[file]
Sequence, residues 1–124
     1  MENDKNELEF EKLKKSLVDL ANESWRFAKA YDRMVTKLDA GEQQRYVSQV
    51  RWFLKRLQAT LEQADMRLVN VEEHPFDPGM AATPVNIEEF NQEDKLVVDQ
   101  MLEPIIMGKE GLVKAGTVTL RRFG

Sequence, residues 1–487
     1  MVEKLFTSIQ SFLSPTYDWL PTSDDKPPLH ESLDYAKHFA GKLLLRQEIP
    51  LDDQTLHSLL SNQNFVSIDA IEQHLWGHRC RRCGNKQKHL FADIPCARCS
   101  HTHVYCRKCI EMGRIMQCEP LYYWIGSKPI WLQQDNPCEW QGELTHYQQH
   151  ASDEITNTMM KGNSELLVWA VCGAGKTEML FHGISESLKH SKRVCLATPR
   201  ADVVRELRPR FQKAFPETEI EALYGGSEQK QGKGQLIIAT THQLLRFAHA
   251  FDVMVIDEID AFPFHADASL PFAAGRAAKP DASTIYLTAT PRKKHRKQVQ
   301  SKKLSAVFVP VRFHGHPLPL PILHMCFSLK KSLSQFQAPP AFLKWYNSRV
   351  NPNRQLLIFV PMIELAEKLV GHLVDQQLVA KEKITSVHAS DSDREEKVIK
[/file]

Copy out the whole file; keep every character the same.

Sequence, residues 1–124
     1  MENDKNELEF EKLKKSLVDL ANESWRFAKA YDRMVTKLDA GEQQRYVSQV
    51  RWFLKRLQAT LEQADMRLVN VEEHPFDPGM AATPVNIEEF NQEDKLVVDQ
   101  MLEPIIMGKE GLVKAGTVTL RRFG

Sequence, residues 1–487
     1  MVEKLFTSIQ SFLSPTYDWL PTSDDKPPLH ESLDYAKHFA GKLLLRQEIP
    51  LDDQTLHSLL SNQNFVSIDA IEQHLWGHRC RRCGNKQKHL FADIPCARCS
   101  HTHVYCRKCI EMGRIMQCEP LYYWIGSKPI WLQQDNPCEW QGELTHYQQH
   151  ASDEITNTMM KGNSELLVWA VCGAGKTEML FHGISESLKH SKRVCLATPR
   201  ADVVRELRPR FQKAFPETEI EALYGGSEQK QGKGQLIIAT THQLLRFAHA
   251  FDVMVIDEID AFPFHADASL PFAAGRAAKP DASTIYLTAT PRKKHRKQVQ
   301  SKKLSAVFVP VRFHGHPLPL PILHMCFSLK KSLSQFQAPP AFLKWYNSRV
   351  NPNRQLLIFV PMIELAEKLV GHLVDQQLVA KEKITSVHAS DSDREEKVIK